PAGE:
The Moral Side of Lethal Force

Jim Higginbotham
Jim Higginbotham

Jim Higginbotham

“To everything there is a season, and a time for every matter or purpose under heaven: A time to be born, and a time to die; ….A time to kill,……. Ecclesiastes 3: 1-8 (Amp.)

Now this may be a shock to your sensibilities and I hope you will pardon me if I take you out of your comfort zone a little here. However, brother and sister in Christ, if you will allow me, I hope to demonstrate a few things that many Christians seem to be confused about these days. Now this is not a lecture but a discussion so please do not get the idea that I am pontificating or waxing eloquent. Also in the short space I am allowed I cannot cover all aspects of the topic but I hope to hit the high points. As always, the ultimate resource is not the opinions of man however, but the Word of God.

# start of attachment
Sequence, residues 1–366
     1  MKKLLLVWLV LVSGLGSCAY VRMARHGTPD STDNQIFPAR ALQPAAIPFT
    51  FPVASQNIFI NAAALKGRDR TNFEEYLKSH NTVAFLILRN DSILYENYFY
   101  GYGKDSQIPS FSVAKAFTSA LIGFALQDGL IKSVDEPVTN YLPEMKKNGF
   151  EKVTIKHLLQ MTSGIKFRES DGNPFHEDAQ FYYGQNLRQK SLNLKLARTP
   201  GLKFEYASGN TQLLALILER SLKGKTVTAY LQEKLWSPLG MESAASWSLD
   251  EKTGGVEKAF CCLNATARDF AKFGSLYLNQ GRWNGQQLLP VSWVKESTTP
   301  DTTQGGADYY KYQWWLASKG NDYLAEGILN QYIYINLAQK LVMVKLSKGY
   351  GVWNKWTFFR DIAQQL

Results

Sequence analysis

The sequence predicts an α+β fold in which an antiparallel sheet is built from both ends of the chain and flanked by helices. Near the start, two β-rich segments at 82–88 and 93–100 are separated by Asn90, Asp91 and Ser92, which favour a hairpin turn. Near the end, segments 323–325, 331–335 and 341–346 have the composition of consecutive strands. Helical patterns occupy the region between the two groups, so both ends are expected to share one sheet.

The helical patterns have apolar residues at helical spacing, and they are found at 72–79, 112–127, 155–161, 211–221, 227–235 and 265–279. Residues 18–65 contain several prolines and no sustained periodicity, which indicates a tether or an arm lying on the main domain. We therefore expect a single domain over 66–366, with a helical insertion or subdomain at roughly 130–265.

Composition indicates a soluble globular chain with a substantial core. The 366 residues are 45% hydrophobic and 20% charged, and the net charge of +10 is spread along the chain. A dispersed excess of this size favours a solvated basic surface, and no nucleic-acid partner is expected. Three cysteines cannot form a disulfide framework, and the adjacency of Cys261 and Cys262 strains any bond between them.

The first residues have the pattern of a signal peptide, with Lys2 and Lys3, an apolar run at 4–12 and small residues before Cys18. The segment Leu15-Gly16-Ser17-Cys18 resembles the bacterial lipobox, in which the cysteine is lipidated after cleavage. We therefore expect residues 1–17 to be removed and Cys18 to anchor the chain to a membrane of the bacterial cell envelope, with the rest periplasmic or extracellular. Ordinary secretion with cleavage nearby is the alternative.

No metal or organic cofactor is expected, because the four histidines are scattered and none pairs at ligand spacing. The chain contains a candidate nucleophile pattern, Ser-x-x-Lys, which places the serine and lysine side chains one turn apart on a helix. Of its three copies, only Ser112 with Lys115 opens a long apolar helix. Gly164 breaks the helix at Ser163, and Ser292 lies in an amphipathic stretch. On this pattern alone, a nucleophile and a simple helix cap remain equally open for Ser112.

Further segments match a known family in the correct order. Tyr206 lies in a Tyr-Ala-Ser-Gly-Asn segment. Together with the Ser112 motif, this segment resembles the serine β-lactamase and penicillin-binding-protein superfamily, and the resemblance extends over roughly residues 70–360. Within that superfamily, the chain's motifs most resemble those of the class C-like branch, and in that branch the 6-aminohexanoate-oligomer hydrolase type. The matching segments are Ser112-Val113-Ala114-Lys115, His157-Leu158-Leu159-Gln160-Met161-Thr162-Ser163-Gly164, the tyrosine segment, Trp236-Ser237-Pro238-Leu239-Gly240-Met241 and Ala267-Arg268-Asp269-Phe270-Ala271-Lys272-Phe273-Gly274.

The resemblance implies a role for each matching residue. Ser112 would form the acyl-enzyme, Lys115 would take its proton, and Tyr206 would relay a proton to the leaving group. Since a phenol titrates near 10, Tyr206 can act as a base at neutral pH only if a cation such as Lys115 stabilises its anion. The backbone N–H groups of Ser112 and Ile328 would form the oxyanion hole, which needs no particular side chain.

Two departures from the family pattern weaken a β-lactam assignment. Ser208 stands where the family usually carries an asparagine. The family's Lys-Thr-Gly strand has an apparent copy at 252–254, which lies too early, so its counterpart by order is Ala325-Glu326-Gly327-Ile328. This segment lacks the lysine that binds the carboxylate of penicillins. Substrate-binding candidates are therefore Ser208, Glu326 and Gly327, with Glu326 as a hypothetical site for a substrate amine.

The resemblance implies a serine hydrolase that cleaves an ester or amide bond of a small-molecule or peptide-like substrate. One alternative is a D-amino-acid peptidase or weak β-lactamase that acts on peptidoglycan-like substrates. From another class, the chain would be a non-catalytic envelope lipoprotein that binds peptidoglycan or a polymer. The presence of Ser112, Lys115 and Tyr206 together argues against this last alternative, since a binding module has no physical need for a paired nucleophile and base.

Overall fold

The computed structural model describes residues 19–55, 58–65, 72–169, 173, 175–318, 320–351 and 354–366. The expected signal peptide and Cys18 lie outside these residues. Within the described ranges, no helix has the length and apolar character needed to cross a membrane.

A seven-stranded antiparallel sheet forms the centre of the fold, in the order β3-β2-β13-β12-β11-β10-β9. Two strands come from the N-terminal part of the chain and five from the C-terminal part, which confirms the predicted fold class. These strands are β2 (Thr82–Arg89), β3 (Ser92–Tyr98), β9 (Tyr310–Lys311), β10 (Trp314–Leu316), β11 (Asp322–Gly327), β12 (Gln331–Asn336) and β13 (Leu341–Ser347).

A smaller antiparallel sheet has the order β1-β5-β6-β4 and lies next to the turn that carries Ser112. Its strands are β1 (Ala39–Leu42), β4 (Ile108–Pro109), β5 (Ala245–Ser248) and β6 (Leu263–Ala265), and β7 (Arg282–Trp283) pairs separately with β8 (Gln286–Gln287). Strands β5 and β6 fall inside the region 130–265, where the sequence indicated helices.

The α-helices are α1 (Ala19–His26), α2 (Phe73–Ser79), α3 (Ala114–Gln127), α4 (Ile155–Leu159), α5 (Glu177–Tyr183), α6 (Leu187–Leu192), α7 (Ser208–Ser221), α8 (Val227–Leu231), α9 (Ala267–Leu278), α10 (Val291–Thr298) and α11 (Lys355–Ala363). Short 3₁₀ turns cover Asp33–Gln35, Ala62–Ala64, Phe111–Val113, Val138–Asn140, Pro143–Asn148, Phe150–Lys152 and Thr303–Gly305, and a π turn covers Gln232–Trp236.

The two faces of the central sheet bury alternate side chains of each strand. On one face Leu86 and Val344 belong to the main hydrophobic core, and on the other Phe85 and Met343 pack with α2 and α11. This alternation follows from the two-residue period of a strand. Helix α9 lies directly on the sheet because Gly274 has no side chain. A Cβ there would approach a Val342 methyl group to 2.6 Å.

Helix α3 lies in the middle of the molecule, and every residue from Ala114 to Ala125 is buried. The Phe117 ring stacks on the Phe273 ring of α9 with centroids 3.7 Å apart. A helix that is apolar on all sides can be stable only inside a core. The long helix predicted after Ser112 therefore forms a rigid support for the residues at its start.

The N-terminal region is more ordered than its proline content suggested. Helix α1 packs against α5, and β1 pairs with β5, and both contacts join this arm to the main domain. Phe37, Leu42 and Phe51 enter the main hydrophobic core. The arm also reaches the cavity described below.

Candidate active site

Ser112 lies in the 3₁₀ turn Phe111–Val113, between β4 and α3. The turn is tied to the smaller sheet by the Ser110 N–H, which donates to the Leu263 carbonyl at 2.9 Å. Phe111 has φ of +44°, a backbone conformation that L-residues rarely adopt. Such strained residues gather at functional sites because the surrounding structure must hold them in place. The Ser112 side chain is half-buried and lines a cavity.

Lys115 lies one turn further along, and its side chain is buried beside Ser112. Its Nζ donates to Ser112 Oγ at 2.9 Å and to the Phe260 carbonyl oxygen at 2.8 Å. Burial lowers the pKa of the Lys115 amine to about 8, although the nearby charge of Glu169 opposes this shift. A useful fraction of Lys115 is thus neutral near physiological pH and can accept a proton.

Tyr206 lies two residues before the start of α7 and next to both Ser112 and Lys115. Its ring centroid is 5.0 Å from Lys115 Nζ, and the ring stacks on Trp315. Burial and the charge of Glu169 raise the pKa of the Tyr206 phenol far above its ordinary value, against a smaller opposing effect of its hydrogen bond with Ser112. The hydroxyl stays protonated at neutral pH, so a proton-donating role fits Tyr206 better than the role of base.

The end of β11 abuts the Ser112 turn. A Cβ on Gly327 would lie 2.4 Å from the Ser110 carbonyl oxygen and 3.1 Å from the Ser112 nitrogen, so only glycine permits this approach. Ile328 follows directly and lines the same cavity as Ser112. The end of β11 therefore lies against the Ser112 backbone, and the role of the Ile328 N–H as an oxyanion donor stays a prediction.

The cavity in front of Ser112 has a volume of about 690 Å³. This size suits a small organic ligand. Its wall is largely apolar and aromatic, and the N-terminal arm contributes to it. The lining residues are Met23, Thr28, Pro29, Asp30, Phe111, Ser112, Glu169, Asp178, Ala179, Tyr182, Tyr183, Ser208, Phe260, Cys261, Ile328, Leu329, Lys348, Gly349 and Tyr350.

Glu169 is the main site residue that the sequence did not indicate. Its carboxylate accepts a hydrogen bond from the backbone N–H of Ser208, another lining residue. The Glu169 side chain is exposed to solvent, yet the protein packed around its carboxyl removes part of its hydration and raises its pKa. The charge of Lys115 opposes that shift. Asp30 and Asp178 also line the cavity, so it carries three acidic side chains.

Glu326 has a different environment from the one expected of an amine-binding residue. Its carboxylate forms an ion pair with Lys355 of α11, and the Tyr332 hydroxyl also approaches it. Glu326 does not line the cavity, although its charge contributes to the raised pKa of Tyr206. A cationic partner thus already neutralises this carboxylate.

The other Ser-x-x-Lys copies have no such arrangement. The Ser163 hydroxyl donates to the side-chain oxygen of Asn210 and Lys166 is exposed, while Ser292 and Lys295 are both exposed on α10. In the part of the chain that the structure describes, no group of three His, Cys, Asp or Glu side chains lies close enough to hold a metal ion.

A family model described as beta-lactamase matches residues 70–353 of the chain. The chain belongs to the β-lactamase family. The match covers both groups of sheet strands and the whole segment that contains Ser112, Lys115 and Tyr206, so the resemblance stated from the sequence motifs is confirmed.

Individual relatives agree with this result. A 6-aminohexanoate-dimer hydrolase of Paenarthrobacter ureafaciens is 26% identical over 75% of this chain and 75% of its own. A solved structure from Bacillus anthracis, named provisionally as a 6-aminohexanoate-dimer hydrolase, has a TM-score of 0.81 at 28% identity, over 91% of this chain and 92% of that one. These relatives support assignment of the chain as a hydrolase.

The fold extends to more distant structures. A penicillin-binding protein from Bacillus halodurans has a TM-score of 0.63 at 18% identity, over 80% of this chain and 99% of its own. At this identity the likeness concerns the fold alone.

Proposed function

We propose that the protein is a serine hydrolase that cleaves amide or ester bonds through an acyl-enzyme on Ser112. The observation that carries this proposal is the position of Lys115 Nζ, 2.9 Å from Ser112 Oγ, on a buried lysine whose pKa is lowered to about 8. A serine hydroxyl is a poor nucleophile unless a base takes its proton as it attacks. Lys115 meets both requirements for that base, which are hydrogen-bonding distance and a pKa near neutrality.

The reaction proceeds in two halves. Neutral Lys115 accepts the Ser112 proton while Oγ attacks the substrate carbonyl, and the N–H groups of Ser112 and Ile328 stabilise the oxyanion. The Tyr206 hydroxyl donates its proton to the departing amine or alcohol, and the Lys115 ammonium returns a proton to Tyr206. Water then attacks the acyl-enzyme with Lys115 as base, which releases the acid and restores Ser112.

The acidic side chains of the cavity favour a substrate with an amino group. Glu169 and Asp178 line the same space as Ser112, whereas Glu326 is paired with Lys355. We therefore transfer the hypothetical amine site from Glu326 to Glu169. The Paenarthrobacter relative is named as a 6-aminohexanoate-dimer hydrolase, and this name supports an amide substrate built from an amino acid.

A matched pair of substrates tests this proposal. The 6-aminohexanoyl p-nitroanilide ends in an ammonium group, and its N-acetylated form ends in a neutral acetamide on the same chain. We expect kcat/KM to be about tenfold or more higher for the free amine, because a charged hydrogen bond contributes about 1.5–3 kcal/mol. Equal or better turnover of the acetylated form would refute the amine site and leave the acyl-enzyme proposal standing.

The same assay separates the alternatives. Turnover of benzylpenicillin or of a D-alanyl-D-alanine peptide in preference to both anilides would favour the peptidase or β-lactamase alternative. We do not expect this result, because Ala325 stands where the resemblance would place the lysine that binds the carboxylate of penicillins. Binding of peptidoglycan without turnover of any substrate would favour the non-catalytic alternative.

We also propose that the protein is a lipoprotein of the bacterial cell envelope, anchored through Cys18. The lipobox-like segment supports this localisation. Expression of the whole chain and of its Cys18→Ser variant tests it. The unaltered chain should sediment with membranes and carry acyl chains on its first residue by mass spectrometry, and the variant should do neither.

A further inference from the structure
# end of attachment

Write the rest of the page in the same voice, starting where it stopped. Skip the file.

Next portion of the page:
God has a good bit to say about the use of lethal force and it readily becomes evident that there are both acceptable and unacceptable applications of it. Of course the first and most commonly known passage involving lethal force in the Bible is the Commandment, “Thou Shalt not Kill”, Ex. 20:13 so we had better deal with this first. Part of this dilemma is taken care of by the modern translations such as the NIV, the Amplified Bible and a few more. The Commandment, taken from the original Hebrew actually reads, “Thou Shalt not Murder”. If you have a concordance you will find that the word used in the original text was Ratsach for which the preferred definition is indeed “murder” and its derivations even indicates premeditated murder or assassination. Even if you don’t have a Concordance then the meaning is made clear in the very first chapter of the Bible; Whoso sheddeth man’s blood, by man shall his blood be shed, Gen 9:6, a clear authorization for man to end the life of an offending party if the crime be serious enough. We could develop this further but enough now, considering the constraints of space, to establish that God does not forbid using lethal force in all cases.